Step Up 2: The Streets - Review
Review by Jack Foley
AS IMPRESSIVE as the dance routines of Step Up 2: The Streets consistently are, Jon Chu’s sequel still feels like a lacklustre re-tread of countless other dance movies in this over-worked genre.
The story, for instance, is virtually identical to past hits Stomp The Yard and There She Move, not to mention the original Step Up, while the acting only really comes to life during the stylish dance routines.
The film follows the fortunes of orphaned teenage rebel Andie (Briana Evigan) as she attempts to rebuild her life in Baltimore after being threatened with relocation to Texas following the uproar caused by her dance crew’s latest public disturbance.
Encouraged by friend and older brother figure Tyler Gage (Channing Tatum) to improve her lot by auditioning for the Maryland School of Arts, the very same place that inspired him to better his life, Andie reluctantly auditions and wins a place.
But her new school regime makes it difficult for her to hold onto her former life and she’s quickly thrown out of her old crew for a lack of commitment. Determined to pursue her dream of competing in The Streets, however, Andie teams up with Chase Collins (Robert Hoffman), the school’s hottest dancer and brother of the school’s close-minded director, to form their own dance crew with their talented classmates and realise her ambition.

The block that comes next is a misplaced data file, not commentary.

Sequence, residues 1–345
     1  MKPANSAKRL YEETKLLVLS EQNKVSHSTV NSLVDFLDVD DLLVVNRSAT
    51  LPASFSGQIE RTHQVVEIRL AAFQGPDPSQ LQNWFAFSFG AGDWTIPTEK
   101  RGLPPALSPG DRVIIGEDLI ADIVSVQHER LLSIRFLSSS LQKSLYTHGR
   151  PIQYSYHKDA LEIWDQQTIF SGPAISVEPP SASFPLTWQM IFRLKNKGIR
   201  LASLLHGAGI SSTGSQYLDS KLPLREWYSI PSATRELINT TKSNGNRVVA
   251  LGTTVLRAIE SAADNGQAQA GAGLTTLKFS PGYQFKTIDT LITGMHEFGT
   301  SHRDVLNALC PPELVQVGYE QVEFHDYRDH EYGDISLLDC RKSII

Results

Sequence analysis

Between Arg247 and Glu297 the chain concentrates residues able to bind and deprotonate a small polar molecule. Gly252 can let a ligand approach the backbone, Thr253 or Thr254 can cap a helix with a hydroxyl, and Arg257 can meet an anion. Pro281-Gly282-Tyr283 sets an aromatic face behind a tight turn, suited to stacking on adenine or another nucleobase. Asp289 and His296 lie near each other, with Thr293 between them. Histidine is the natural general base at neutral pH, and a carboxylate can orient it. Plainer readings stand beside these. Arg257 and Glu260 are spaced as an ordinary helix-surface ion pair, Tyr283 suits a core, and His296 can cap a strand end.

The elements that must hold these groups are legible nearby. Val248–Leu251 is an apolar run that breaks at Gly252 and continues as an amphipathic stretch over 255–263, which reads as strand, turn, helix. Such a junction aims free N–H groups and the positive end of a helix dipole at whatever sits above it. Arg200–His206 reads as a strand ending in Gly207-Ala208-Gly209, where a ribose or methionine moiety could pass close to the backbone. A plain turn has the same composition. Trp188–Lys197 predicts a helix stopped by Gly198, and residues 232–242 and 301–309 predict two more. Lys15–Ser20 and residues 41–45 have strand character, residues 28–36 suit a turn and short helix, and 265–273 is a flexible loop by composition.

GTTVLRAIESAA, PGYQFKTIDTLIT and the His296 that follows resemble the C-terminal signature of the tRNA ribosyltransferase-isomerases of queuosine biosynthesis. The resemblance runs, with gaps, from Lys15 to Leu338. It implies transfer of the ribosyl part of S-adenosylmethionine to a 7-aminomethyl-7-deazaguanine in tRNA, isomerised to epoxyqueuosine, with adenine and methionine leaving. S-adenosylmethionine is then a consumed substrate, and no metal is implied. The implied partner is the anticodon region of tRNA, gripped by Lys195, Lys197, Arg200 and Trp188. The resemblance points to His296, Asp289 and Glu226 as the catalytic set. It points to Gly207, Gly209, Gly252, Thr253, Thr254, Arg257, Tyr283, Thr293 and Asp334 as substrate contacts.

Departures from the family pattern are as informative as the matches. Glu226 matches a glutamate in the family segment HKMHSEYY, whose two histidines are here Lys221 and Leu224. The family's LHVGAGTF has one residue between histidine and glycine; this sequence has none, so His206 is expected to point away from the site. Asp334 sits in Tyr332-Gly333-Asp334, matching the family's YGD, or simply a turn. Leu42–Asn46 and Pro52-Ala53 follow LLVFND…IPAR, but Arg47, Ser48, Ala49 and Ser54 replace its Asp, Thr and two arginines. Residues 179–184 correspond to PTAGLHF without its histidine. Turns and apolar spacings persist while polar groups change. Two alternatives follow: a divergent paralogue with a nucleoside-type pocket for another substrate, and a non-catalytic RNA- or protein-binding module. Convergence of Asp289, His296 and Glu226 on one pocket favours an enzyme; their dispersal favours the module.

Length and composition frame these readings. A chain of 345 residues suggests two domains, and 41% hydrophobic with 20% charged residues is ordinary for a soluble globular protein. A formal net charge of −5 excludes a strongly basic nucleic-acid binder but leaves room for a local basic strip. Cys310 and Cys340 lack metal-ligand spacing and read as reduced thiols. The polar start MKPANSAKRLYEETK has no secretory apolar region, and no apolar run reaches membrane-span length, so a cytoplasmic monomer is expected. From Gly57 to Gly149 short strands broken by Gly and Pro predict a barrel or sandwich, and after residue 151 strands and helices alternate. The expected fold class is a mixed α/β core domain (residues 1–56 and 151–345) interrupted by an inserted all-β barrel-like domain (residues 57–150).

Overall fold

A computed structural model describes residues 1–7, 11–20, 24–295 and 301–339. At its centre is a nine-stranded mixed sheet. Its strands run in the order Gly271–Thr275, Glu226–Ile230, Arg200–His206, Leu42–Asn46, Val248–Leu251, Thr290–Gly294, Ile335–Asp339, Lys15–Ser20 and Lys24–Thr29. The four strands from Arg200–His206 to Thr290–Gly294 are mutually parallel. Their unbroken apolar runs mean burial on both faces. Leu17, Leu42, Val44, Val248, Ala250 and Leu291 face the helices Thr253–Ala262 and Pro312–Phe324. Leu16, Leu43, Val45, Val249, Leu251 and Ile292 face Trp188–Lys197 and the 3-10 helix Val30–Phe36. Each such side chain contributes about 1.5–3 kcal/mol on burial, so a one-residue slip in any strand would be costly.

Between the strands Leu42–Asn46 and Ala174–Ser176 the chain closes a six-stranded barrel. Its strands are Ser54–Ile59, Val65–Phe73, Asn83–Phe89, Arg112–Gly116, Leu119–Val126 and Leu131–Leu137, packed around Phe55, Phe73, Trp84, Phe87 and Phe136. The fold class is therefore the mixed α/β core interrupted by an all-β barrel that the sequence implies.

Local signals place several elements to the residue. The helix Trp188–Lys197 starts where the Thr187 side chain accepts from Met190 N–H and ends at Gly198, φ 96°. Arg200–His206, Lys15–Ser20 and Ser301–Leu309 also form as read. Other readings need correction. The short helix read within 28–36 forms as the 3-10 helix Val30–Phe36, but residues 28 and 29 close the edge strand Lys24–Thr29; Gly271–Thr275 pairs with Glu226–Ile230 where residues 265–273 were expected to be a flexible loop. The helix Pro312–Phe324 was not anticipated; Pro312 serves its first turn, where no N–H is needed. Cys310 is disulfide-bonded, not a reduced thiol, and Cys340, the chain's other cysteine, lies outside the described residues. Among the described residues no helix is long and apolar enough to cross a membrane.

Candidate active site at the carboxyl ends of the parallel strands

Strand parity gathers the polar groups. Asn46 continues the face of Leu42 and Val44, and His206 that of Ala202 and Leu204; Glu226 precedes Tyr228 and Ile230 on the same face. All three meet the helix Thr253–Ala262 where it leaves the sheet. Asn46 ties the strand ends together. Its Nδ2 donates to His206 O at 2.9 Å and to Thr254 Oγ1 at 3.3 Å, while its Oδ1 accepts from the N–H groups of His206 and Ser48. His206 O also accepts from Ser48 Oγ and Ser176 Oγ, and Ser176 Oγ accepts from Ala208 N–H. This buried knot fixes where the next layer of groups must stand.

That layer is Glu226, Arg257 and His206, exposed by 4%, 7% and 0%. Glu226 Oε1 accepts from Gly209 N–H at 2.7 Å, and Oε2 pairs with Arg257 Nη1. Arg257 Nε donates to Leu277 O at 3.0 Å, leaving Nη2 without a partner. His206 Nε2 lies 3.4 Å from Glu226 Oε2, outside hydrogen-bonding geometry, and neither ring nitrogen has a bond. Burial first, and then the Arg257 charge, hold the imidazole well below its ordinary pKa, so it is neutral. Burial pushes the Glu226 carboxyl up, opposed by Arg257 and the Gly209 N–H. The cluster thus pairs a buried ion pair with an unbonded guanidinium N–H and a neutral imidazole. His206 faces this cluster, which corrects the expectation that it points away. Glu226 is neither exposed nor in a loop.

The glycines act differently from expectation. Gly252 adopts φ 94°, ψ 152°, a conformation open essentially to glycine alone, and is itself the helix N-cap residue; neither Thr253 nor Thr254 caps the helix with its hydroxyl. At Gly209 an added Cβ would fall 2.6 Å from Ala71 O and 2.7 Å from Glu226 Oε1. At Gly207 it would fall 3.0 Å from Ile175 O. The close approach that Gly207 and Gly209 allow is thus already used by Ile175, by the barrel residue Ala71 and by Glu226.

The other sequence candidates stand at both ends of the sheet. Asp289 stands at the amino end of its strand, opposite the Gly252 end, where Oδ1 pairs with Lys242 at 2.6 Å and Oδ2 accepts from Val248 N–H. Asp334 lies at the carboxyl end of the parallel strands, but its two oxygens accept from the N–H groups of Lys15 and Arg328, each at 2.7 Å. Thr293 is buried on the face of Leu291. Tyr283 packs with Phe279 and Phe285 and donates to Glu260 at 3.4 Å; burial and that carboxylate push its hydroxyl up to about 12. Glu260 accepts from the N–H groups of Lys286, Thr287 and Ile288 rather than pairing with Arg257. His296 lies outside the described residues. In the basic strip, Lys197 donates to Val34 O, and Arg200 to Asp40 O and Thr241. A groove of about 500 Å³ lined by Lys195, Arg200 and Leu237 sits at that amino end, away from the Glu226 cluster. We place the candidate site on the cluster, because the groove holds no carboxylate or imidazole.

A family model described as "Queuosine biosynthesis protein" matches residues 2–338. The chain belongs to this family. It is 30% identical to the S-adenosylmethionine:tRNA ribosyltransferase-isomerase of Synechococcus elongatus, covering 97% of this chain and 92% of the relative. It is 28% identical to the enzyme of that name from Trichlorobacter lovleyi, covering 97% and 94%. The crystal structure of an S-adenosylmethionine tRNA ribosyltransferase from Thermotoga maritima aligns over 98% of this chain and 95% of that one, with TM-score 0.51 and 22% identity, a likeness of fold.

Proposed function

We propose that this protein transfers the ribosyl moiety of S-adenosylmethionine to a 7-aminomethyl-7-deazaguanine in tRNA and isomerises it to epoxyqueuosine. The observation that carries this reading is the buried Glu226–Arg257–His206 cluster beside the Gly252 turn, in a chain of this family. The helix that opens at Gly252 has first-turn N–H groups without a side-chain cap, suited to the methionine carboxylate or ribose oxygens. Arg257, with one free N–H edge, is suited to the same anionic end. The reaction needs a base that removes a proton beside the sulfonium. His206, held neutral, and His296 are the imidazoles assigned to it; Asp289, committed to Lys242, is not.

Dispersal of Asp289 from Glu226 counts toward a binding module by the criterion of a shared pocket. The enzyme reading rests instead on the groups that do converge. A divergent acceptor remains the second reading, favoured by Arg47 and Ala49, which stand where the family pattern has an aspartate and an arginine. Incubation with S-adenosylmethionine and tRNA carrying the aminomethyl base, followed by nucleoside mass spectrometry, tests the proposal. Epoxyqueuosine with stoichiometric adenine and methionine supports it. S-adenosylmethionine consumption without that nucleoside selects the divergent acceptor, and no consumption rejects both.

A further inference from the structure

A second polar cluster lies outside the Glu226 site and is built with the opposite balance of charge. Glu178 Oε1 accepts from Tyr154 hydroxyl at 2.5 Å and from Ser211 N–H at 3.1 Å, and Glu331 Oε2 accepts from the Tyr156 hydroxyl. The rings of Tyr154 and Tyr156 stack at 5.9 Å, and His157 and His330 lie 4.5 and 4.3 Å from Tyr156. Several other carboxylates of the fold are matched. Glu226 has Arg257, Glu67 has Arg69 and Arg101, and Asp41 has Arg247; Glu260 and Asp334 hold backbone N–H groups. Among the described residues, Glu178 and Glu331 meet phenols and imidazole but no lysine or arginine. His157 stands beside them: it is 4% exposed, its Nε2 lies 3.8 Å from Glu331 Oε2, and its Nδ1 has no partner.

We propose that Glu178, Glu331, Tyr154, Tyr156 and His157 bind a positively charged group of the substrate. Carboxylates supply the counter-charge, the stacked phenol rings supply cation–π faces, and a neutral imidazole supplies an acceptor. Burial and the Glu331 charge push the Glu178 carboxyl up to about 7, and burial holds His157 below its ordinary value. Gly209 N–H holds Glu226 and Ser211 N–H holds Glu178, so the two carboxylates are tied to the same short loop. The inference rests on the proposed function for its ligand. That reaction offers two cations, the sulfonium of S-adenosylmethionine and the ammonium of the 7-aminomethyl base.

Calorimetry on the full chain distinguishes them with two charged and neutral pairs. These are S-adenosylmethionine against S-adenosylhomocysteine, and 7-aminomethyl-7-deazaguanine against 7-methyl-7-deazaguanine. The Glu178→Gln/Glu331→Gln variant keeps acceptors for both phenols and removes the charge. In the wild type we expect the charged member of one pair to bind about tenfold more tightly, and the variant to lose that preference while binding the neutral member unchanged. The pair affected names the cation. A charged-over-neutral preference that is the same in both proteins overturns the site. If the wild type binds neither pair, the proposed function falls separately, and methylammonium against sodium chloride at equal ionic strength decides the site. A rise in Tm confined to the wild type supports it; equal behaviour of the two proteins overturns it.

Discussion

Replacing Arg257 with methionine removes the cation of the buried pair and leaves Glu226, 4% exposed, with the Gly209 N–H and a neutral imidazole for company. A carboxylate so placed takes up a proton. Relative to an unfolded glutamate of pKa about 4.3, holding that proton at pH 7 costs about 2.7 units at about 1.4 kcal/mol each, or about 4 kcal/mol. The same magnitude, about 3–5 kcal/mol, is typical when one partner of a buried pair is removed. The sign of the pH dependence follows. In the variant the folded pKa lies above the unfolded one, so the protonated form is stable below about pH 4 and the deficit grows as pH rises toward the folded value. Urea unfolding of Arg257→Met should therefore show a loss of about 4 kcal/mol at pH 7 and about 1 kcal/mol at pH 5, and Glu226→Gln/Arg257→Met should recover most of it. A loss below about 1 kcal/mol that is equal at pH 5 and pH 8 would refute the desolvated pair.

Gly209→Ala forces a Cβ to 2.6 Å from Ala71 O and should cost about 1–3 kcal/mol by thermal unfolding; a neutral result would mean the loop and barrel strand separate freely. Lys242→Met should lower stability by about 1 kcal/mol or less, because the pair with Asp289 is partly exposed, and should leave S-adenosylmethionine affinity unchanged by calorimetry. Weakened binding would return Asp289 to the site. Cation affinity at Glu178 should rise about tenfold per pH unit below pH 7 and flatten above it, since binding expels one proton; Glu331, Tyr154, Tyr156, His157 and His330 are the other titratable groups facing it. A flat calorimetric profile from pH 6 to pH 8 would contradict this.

On the plus side, Step Up 2 does boast a number of impressively choreographed dance sequences that genuinely do impress because of the athleticism on display.
But there’s just no escaping the feeling that we’ve been here once too many times before, while the depiction of several supporting character is cliched at best.
Andie’s adoptive mother, for instance, has little to do but continually threaten her charge with Texas, while the Maryland School principal is a cardboard cut-out traditionalist who continually resists Andie’s attempts to bring a new style of dance to the studios. Their change of heart during the feelgood finale is telegraphed way in advance.
The central relationship between Andie and Chase is also way too predictable and doesn’t really provide the young leads with anything to work with during the rare moments they’re not dancing together.
So, while the energetic soundtrack and whole-hearted nature of the dance sequences does breathe some life into this over-familiar premise, they can’t really mask the inherent failings of a film that asks kids to take risks and be different as its main message without taking any of its own.
Running time: 90mins
UK DVD Release: July 14, 2008